DEFINITION of 'Nordic Model'

The Nordic Model The social welfare and economic systems adopted by Nordic countries. The Nordic model combines features of capitalism, such as a market economy and economic efficiency, with social benefits, such as state pensions and income distribution. This model is most commonly associated with the countries of Sweden, Norway, Finland, Denmark, and Iceland.

BREAKING DOWN 'Nordic Model'

The Nordic model embraces both the welfare state and globalization – two approaches to government that can be seen at times as opposites. The core aspects of the Nordic model include the public provision of social services funded by taxes; investment in education, childcare and other services associated with human capital; and strong labor force protections through unions and through the social safety net.

Risk Sharing

The Nordic model emphasizes society-wide risk sharing and the use of a social safety net to help workers and families adapt to changes in the overall economy brought on by increased global competition for goods and services. The region’s economies have benefited from cultural homogeneity, political freedoms, and low levels of corruption.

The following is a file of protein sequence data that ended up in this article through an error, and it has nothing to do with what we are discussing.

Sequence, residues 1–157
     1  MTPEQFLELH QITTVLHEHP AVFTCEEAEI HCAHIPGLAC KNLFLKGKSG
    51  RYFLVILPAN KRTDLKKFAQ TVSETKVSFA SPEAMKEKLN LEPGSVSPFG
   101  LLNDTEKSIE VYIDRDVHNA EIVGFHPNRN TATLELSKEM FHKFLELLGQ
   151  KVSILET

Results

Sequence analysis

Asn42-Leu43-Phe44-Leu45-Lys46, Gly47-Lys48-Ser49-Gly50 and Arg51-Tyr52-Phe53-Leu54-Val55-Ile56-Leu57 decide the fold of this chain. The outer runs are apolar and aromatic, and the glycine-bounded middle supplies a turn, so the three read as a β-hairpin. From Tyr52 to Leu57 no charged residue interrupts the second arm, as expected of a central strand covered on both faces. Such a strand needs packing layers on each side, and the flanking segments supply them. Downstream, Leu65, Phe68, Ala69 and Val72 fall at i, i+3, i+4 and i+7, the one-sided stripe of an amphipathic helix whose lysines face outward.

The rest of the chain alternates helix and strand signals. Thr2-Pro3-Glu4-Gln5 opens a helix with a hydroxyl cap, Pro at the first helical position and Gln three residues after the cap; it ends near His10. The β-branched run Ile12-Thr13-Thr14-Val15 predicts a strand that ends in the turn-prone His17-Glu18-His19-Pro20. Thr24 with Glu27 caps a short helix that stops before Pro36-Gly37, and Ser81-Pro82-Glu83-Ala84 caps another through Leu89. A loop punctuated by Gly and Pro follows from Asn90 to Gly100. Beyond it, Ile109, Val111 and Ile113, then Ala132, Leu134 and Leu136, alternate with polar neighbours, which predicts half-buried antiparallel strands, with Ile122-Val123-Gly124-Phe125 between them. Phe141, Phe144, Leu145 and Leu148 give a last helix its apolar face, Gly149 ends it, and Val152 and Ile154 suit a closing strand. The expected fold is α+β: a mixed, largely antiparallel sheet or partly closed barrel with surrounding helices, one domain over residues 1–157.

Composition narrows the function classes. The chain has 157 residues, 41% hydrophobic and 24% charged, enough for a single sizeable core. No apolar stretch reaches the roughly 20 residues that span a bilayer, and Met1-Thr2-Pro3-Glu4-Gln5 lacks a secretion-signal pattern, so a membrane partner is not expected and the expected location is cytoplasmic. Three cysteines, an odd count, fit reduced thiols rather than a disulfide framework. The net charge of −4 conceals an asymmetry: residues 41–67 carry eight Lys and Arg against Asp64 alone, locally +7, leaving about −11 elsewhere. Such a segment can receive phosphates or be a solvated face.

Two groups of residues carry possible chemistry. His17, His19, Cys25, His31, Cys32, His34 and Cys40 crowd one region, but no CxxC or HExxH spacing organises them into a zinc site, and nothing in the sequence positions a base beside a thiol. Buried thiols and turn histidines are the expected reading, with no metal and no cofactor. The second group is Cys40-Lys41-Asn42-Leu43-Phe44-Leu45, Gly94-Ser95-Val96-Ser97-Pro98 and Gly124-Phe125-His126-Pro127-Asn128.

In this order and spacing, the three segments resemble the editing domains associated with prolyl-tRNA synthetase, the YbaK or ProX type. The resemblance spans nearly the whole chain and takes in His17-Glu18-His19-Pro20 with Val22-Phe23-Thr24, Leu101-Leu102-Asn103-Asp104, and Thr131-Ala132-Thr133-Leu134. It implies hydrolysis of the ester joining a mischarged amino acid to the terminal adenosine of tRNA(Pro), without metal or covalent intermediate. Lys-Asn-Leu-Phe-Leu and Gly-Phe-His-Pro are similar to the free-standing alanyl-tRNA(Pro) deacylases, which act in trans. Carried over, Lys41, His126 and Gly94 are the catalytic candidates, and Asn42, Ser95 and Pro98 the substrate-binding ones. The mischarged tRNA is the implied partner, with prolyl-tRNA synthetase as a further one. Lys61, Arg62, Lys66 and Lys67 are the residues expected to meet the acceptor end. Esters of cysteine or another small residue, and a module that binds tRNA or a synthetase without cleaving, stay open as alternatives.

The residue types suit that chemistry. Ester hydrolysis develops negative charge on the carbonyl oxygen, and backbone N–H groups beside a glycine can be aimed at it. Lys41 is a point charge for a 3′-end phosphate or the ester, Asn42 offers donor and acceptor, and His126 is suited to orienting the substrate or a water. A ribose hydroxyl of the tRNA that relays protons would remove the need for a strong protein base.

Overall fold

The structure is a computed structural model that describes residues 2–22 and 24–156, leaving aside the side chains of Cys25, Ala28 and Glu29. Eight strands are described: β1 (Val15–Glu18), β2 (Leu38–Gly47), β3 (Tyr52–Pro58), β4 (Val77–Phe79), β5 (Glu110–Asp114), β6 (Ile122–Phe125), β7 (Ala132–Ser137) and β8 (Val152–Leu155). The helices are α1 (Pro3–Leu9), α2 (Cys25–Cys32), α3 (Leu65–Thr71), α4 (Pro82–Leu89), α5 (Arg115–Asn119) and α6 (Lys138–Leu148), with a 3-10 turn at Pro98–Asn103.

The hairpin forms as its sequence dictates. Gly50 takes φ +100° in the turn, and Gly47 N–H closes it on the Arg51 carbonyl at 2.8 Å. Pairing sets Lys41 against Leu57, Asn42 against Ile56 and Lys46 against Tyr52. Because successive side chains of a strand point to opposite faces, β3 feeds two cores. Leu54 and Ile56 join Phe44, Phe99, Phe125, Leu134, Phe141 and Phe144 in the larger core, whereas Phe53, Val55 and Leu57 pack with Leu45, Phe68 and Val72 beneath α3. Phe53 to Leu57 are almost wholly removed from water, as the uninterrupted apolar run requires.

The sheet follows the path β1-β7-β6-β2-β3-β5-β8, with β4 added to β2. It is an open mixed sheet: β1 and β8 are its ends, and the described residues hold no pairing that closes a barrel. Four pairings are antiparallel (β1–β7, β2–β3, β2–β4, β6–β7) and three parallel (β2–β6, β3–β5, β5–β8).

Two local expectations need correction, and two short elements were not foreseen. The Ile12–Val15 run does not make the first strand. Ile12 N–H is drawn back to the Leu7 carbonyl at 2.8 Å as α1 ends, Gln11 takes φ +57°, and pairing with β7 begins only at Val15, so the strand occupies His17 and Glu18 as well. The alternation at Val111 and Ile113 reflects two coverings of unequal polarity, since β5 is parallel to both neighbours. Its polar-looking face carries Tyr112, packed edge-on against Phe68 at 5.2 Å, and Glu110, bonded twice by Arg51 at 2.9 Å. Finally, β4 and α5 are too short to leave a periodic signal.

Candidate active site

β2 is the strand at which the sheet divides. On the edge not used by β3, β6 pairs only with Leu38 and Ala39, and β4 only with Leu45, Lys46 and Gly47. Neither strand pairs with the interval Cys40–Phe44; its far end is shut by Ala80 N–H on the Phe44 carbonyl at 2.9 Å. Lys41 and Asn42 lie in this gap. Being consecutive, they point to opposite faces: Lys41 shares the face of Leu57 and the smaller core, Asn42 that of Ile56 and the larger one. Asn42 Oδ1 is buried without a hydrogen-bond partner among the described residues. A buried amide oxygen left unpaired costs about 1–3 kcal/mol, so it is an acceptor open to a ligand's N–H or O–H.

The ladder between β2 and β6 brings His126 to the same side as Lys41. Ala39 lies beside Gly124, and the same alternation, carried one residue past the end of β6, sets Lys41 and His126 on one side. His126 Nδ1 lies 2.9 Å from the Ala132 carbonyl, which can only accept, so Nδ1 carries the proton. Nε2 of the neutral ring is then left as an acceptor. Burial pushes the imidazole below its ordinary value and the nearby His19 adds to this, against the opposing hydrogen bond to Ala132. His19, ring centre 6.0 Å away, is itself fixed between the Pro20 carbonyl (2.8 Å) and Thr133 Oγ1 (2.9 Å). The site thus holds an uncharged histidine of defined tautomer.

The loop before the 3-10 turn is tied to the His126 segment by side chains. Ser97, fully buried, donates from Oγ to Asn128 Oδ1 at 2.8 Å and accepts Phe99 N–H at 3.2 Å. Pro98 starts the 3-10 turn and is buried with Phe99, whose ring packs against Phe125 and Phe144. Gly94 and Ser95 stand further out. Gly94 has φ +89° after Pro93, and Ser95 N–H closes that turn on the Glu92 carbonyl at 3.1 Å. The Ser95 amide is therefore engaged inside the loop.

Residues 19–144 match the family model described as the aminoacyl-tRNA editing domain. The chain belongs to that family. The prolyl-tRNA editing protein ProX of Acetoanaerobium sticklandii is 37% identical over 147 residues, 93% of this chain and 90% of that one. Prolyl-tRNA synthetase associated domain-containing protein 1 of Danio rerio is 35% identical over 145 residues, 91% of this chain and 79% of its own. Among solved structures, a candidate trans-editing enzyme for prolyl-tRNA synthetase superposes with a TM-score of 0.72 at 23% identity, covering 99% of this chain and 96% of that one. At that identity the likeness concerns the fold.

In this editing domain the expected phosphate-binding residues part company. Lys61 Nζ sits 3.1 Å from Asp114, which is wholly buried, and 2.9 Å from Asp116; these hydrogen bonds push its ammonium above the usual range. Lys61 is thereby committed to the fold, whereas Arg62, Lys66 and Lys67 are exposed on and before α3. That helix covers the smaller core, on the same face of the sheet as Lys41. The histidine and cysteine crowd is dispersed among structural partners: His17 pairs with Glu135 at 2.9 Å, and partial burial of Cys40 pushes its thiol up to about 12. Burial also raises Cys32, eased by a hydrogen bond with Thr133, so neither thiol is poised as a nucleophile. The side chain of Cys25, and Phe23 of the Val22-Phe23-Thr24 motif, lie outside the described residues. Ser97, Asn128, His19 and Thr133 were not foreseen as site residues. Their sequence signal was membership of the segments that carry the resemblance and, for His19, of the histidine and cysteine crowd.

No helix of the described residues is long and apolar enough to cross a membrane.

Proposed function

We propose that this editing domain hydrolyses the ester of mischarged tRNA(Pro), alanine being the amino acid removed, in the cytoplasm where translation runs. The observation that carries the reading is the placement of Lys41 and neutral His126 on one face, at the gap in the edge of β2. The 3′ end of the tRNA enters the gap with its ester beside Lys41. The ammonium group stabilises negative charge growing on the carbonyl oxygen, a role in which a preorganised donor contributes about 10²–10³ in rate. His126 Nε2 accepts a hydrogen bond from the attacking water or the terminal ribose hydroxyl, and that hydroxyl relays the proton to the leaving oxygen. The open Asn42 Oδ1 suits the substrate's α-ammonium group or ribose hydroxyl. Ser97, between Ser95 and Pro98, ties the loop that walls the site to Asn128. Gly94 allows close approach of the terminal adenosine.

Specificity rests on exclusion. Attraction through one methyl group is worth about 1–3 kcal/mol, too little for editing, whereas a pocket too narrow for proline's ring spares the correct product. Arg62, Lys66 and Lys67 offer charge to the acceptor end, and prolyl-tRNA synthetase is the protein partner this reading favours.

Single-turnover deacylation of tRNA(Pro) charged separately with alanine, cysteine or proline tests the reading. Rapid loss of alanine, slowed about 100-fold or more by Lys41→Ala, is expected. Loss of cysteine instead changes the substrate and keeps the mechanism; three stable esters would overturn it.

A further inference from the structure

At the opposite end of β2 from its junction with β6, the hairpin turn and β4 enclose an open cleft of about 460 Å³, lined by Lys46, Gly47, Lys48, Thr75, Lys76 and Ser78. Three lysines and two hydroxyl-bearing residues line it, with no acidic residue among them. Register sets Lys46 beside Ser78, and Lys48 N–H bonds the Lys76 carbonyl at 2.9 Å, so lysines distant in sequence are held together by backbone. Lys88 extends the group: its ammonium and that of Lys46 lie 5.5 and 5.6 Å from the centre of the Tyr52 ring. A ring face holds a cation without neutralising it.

Much of the model is based on how Nordic cultures have developed over the centuries. The citizens have a high degree of trust in their government and a history of working together to reach compromises and address societal challenges through democratic processes. Citizens believe that both public institutions and private companies have their best interests in mind through a general social contract, with an emphasis on fairness.

Maintaining economic growth while providing social welfare services requires Nordic countries to emphasize workforce participation. Nordic governments have to create incentives for their citizens to continue to work despite having generous welfare benefits. The finances of Nordic governments are generally considered strong, with economic growth steady. This was not always the case, as several Nordic countries struggled with low productivity and high unemployment during the 1990s.

This is all paid for by some of the highest tax rates in the world. Notes the Tax Foundation, tax revenue as a percent of GDP from individual income taxes and payroll taxes in Denmark are 26.4%, Norway, 19.7%, and Sweden, 22.1%. That compares to the 15% of GDP raised by the United States through its individual income taxes and payroll taxes.  For example, the foundation states that Denmark’s top marginal effective income tax rate is 60.4% and Sweden’s is 56.4% while Norway’s top marginal tax rate is 39%. Tax rates in these countries are relatively high on nearly all income, not just that of wealthy people.

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